What makes a person want to lay down his life for his nation? I can’t speak for others, only for myself. Long before I knew what I wanted to be when I grew up, I knew I wanted to be in the military. I think I was probably 13 or 14 years old when I decided I should join the military. I was drawn to the Navy for no particular reason. I had such patriotic pride for this great nation we live in. I wanted to play a role. Where did that come from? Well, God I’m sure put it in my heart.
Nobody in my immediate family had ever fought in a war. But, my mom told me stories. My Aunt Kay, the youngest Sager daughter, lost 2 boyfriends in Vietnam. One was killed shortly after arriving in country. The other was killed shortly before his tour of duty ended. I remember marveling at their bravery and sacrifice. I had a strong fascination with Vietnam.
During my sophomore year of college, I discovered I could apply for an ROTC scholarship to cover the expenses of the last two years. Immediately, I applied. I didn’t want to be a financial burden to my mom anymore. I also really wanted to serve my country. The scholarship paid for my junior and senior years. All I had to do was serve in the military for 4 years in return. I ended up choosing the USAF.
What an amazing time I had. I ended up serving 5 years. I was stationed at Dover AFB for the first half of my service. I was stationed at Torrejon AB for the rest of my service. My first day of active duty service was 7/10/1986. Everything in the nation was peaceful when I began. I moved overseas at the end of 1988. I toured most of south Spain, visited Germany, and Turkey. It was a great time!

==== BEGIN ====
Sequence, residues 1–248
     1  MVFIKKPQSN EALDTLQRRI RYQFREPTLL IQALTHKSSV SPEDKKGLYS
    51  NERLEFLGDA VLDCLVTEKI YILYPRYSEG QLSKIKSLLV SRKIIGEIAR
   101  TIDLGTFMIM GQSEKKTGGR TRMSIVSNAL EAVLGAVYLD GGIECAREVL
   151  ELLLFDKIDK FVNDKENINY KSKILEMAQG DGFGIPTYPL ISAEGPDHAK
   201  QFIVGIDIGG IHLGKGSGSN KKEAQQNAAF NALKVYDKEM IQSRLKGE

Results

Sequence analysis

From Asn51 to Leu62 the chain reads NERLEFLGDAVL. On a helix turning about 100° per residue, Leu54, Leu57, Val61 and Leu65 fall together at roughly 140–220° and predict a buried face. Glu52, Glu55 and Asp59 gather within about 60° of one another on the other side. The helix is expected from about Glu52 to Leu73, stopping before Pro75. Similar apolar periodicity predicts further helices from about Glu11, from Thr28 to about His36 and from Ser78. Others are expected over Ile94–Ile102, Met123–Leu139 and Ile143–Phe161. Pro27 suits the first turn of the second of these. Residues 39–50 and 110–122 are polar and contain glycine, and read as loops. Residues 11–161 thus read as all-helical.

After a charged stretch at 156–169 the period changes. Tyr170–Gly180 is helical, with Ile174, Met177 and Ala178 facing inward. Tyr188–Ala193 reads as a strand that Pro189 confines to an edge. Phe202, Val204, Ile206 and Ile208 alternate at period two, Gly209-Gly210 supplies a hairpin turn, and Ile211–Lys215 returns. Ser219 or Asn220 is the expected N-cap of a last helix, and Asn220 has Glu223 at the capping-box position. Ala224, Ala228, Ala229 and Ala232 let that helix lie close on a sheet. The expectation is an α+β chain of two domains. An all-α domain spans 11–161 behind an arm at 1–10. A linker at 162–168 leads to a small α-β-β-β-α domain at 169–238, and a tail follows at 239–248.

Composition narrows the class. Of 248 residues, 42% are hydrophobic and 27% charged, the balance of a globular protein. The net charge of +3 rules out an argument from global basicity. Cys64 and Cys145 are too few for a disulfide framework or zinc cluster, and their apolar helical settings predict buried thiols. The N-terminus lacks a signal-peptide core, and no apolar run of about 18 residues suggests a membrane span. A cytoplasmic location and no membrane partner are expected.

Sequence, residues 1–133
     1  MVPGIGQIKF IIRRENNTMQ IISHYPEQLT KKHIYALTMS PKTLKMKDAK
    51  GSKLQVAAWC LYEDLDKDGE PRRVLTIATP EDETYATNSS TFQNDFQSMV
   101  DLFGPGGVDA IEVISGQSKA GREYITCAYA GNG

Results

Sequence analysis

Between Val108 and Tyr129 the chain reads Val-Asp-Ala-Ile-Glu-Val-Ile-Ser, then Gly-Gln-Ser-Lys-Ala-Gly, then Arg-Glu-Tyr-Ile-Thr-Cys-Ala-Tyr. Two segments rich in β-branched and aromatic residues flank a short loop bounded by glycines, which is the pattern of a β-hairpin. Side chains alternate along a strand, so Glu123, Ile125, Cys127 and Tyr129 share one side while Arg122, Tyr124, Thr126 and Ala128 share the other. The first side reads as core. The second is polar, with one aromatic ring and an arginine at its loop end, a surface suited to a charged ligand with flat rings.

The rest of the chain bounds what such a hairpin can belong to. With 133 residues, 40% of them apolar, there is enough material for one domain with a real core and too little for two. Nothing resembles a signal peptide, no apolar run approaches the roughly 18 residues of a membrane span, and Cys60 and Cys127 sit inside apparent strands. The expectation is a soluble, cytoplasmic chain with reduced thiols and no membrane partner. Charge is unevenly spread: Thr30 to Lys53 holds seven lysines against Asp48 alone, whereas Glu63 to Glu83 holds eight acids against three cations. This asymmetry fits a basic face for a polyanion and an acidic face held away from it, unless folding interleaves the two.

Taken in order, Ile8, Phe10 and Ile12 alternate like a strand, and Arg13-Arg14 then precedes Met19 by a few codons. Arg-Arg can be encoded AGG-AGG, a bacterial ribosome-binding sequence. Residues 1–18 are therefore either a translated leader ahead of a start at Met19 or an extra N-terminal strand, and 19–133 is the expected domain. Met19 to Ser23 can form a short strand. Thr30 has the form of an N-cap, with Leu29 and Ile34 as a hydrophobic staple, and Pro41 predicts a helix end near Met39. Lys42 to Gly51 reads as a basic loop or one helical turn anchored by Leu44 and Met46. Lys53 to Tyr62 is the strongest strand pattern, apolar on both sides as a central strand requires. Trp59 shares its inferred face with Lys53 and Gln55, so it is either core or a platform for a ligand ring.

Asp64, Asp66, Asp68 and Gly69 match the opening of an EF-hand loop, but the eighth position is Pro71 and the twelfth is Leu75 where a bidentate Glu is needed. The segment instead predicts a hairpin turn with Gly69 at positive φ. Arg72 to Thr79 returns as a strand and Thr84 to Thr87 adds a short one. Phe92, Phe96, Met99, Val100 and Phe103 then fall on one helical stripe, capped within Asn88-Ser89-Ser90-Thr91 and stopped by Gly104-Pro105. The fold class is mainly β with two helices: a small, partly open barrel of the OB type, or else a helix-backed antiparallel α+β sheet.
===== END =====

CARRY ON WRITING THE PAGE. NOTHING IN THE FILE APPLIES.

Then in the late summer of 1990, the shoe dropped. Saddam Husein attacked Kuwait in an act of war to gain their oil fields. Over night, we went from a state of peace to a state of war. It was surreal. Operation Dessert Shield began. One third of my base was sent to forward operating positions. Half of my hospital squadron went to Qatar to establish a field hospital. I never saw those people again. I would love to find them. I can’t even remember most of their names, but their faces are burned in my memory.
If I would not have been pregnant with Galen at the time, I have no doubt I would have volunteered to go with them. Instead, those of us who were left behind, were charged with setting up a staging facility for casualties. We put together a facility in one of the hangars. It held 1000 beds. It was fun to unpack equipment that had been sitting in storage for over 50 years. Supplies and equipment were wrapped up in newspaper from the 40s! After the unit was all set up, I remember standing in the back, looking out over a sea of empty patient beds, and praying they would not be filled. God answered my prayer that time as Operation Dessert Storm ended very quickly and with very few casualties.
This is one part of my life I would gladly do again and again. It’s funny though. Every Veterans Day, my Pastor has us stand up so the church can say thanks and pray for us. I always feel embarrassed because I did so little in the grand scheme of things. I always think, Don’t thank me, thank the ones who gave their lives so we could be free. But I guess, like the body of Christ, every little part counts. I played a very tiny role among a great, great group of men and women who over many years laid down their lives for a nation to be free. Let’s remember them today for their unbelievable sacrifices.
John 15:13 Greater love has no one than this, that someone lay down his life for his friends.
Happy Memorial Day!